We used the trip money we saved to put in on a whole house emergency generator. But due to all the hurricanes happening this year and the workforce at the Generac plant being cut back for Covid-19, it looks like we will not be able to get it installed until February of next year. The best thing to celebrate is that we have stayed healthy and safe and will continue to do so until the end is reached. We hope all our friends and family will stay safe as well and that the world will heal soon.

Can Anyone Verify This Person Graduated With Us?


    Robert James Andrews, 74, of Huntsville, AL, passed-away, Saturday, December 12, 2020.  A private celebration of life memorial will be conducted, by the family at a later date.  Robert was born January 16, 1946 in Huntsville, Alabama to Robert Elvis Andrews and Lois (Shasteen) Andrews.  He graduated from Lee High School in 1964.

    I cannot find him in the yearbook or in the list of the graduating class of 1964 program.


From Our Mailbox 


Subject:    Math

 Kay Hillis

    I substitute in the schools around my area. I can get a book and understand any subject except math. It makes no sense to me so I find the smartest kid in the class to explain. Half the classes do not have books. Almost everything is on chrome book. The kids do not learn to tell time on a regular clock and they have not been taught Cursive writing . I found this out when I wrote something on the board in cursive. I think we got a better education for dealing with every day life. Merry Christmas and happy New Year!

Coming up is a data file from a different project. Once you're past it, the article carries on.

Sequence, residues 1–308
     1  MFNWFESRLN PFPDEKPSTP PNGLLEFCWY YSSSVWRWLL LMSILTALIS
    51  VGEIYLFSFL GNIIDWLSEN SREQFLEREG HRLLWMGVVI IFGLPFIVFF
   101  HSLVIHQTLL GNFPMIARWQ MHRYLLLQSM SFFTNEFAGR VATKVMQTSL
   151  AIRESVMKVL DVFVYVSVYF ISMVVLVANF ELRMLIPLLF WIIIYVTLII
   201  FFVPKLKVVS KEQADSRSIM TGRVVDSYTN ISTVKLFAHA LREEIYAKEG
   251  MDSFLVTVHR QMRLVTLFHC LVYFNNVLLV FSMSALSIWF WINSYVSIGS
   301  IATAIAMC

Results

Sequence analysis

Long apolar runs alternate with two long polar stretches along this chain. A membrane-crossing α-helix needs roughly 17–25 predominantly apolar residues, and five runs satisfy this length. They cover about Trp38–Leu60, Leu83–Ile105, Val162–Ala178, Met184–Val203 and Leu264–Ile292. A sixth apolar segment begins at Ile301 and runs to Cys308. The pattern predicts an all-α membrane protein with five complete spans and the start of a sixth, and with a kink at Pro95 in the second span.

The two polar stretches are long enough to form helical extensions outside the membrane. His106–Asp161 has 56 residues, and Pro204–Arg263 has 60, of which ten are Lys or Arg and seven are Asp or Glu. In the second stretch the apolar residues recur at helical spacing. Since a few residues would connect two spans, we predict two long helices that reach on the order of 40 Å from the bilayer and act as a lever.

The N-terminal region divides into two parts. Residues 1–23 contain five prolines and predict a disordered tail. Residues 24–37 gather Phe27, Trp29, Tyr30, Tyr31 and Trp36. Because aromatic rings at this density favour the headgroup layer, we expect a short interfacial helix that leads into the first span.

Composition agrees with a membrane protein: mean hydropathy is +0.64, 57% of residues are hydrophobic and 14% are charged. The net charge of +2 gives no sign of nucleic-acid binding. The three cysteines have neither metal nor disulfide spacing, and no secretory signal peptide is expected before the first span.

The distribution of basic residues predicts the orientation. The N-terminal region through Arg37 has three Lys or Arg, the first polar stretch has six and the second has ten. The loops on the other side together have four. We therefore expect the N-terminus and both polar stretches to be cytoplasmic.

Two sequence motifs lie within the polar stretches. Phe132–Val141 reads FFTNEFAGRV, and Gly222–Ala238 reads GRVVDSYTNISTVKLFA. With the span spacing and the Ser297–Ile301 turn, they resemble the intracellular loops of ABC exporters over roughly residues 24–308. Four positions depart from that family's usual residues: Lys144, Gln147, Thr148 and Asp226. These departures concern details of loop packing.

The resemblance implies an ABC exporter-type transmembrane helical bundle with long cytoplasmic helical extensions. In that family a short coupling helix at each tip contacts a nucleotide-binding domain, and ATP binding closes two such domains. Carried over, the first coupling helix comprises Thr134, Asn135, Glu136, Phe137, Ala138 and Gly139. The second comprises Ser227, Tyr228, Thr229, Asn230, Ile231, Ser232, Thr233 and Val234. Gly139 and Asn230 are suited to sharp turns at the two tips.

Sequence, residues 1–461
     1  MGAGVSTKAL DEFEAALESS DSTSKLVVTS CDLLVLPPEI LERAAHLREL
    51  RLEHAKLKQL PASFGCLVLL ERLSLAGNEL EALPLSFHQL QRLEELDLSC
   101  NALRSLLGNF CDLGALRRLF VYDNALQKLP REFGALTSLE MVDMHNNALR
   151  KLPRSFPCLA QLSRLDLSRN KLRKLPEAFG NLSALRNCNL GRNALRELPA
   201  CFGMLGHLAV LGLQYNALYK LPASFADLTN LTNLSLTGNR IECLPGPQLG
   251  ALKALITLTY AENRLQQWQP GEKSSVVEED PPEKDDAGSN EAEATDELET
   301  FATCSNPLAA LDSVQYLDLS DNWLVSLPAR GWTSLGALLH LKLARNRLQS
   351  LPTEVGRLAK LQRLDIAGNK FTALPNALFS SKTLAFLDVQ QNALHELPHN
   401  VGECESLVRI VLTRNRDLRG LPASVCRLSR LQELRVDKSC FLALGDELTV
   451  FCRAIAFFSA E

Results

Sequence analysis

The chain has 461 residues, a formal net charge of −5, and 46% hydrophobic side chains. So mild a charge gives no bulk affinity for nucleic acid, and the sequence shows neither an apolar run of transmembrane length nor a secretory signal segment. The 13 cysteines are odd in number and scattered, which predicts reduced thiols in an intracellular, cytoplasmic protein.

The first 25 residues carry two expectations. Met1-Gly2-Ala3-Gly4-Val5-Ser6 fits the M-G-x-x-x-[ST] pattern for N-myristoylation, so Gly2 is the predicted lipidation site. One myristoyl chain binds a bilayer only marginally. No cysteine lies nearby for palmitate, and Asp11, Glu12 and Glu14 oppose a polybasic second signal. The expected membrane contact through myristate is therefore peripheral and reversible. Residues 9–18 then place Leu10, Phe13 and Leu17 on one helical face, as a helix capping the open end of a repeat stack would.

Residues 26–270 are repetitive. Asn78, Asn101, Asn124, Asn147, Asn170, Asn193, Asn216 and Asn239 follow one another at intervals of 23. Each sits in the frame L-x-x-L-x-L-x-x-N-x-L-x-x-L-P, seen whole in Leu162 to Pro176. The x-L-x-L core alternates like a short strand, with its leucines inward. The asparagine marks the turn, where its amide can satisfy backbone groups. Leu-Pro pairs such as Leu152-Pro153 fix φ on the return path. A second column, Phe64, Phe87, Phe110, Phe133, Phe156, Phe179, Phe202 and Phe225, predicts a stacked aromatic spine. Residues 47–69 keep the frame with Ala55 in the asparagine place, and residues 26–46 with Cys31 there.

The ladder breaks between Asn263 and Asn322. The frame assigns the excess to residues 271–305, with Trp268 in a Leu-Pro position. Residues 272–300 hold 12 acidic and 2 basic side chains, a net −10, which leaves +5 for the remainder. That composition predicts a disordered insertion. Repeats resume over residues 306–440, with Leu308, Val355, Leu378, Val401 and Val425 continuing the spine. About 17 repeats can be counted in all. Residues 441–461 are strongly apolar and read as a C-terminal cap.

Subject:    Lost Contact
Diann Fox Muller
LHS '64

    Hi, not sure the reason but I no longer receive the email notification when you publish a new issue of the Traveller.  It does seem to happen now and again when there is a computer update.   When the next issue comes out would you add me to the list and I'll see what happens!  Oh, this is Diann Muller, should say Diann Fox, class of 1964.  Hoping all is happy and healthy with your family.  Everyone here in Rochester, New York is just fine. The last time I came to Huntsville I finally saw the "new" Lee High School.  I haven't been back since 2017. We lost Mom in August, 2014, Daddy-o in September, 2015 (they had been divorced since 1969 I believe it was) and our brother Danny was murdered in 2016 in Atmore, Escambia County, Alabama.   Well, no more of the sadness talk.